This year at the FNCE conference, one of the mainstays in walking through the expo were foods that are gluten free and GMO (genetically modified ingredients) free.
When I first attended FNCE twenty years ago we were in the midst of the fat free era. Many of the products touted their fat free labels. Some products that were fat free anyway gained new popularity just as products that have been gluten free are doing right now.
One example of a food that has seen trending up and down in popularity is pretzels. Having been fat free, pretzels gained popularity so we ate more of them. Now because we see pretzels as a carbohydrate and having gluten, we’re avoiding them. Please see my September newsletter for more information on gluten.
The GMO free (or not) trend in food seems to be here to stay for some time. One of the food theme’s for October is National No-GMO month.
Below is information to read so you may make your own decision on GMO’s:
- The most well known GMO’s in the worlds food supply are soy and corn although there are a total of eight crops commercially available in the U.S. including cotton, canola, alfalfa, sugar beets, papaya, and summer squash. Processed foods, such as sugar or vegetable oil, may be derived from GM crops, but the modified features of the crop are not present, meaning they are chemically identical to their non-GMO counterparts.
- If you buy organic products you can be sure there are no GMO’s. To be sure a product is GMO free look for this on the label. This label is from The Non-GMO Project and is the only organization offering independent verification of testing and GMO controls for products in the U.S. and Canada.Note food companies voluntarily allow this on their packaging through the organization. Here is the link to The Non-GMO project website.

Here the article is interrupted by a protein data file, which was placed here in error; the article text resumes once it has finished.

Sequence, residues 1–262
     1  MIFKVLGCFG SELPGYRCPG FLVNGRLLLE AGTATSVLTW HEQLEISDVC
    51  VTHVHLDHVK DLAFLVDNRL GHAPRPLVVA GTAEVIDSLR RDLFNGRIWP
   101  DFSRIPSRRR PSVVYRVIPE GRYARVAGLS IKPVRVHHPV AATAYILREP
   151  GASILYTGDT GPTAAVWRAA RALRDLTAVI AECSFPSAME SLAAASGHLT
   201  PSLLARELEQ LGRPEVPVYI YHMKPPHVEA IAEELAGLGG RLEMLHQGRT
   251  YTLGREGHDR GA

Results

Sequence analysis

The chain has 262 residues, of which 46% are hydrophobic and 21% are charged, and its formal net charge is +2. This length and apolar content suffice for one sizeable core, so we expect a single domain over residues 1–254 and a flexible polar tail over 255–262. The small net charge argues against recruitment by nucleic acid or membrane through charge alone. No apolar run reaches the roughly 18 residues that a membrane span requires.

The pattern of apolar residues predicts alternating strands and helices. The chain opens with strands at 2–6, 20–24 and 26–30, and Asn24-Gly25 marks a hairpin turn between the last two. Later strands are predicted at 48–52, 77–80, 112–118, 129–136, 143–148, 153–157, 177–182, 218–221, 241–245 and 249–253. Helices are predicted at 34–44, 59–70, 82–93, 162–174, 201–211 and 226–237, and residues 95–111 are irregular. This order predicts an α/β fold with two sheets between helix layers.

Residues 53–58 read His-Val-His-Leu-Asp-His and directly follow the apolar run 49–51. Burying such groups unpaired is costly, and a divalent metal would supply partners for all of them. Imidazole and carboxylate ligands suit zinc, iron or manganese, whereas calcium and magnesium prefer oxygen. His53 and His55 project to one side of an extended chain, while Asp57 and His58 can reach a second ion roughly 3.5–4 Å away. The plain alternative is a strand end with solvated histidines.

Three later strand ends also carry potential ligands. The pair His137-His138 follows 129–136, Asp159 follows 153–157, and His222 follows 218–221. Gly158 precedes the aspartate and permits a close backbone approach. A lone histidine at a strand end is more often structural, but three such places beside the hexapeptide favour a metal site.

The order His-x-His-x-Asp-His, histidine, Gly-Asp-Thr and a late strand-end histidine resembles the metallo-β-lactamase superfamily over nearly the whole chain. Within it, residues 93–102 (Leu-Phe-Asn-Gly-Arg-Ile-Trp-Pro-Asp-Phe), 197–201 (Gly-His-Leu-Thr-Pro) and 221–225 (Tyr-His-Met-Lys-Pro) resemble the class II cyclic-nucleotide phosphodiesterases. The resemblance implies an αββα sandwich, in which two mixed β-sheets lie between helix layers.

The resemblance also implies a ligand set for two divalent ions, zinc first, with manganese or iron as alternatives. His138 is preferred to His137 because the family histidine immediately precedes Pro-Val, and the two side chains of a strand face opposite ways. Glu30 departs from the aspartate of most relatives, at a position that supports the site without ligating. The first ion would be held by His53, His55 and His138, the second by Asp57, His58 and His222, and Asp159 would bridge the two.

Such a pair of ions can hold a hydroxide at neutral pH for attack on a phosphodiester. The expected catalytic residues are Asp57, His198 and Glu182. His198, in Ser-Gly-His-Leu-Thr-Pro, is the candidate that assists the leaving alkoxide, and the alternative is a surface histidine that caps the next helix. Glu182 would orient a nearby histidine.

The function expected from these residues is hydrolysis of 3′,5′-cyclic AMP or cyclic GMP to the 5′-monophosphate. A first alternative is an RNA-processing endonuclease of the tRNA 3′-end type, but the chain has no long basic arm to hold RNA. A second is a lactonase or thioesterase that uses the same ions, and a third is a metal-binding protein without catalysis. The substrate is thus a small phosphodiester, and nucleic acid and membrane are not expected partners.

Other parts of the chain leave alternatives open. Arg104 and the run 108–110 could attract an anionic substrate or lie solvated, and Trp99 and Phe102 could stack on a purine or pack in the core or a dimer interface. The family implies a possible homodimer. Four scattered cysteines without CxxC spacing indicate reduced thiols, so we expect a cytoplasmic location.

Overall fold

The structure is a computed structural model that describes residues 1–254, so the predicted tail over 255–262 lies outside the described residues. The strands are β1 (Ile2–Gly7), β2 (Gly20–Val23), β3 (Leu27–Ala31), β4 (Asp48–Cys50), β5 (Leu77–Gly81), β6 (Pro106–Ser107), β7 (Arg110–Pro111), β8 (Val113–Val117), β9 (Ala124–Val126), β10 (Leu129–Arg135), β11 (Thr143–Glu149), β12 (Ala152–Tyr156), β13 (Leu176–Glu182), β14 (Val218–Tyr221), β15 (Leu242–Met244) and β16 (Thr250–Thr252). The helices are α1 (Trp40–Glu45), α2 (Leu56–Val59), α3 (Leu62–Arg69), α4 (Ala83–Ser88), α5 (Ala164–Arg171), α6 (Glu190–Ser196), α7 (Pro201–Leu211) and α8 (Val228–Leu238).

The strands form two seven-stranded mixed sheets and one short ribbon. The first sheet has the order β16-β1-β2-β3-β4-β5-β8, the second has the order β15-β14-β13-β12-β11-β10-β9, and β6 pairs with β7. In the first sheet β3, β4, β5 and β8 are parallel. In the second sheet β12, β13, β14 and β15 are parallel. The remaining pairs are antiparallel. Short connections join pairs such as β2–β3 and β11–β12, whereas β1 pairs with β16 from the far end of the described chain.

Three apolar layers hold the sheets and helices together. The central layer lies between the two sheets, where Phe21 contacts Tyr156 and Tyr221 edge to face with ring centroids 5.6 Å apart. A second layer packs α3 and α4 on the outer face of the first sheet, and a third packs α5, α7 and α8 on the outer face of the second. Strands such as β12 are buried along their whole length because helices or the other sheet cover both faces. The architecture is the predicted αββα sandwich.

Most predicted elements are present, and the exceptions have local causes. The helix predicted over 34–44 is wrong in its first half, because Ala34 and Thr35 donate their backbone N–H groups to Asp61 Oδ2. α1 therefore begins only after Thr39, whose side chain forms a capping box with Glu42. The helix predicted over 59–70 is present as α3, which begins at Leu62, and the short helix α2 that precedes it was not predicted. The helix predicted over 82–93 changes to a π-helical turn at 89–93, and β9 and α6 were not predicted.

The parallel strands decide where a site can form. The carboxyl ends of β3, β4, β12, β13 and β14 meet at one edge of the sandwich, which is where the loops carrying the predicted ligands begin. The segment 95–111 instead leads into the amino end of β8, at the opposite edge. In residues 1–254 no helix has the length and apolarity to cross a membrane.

- For information on foods being organic and how this relates to GMO’s read here on the USDA’s statement and blog. I suggest reading the blog comments as there are so many different opinions.
- GENERA is an organization and website with a mission to be a searchable database of peer-reviewed research on the relative risks of genetically engineered crops that includes important details at-a-glance. Here is the link to their home page for more information. Further, here is the link to the page with the list of studies on GMO’s with independent funding.
In what I have read and studied thus far there is nothing wrong with GMO’s insofar as negativity to our health. What we do know is that we will not be able to feed our ever-growing world’s food supply if we rely on what we currently have in agriculture.
Some of the environment benefits of the use of GMO crops include farmers seeing improved performance using less land, water and chemicals, improved soil health, reduced runoff, and reduced greenhouse gas emissions. Trending toward use of GMO foods helps our farmers face issues of drought, heat, poor soil nutrient levels, and insect manifestations.
When thinking about how you feel regarding GMO’s do the research using reliable sources such as those listed above (which may not include your favorite news periodical!) and ask questions before jumping to the conclusion they are ‘bad’ or ‘harmful’.
If you can buy products for your family with no GMO’s as a choice they can be pricey. Why should folks that cannot afford GMO free foods eat any less healthfully than the rest of us (also known as nutrition elitism – yet another new phrase)?
If you don’t believe GMO’s are harmful, then why choose the more expensive products? Let your own decisions about GMO’s be carefully thought out using intention in your nutrition choices.
For myself and our family I will not exclude products with GMO’s in our nutrition and diet choices now or in the future based on science and what I see coming in the future. My own diet and our family’s does not include only organic food as we all enjoy some types of processed foods – all foods can fit.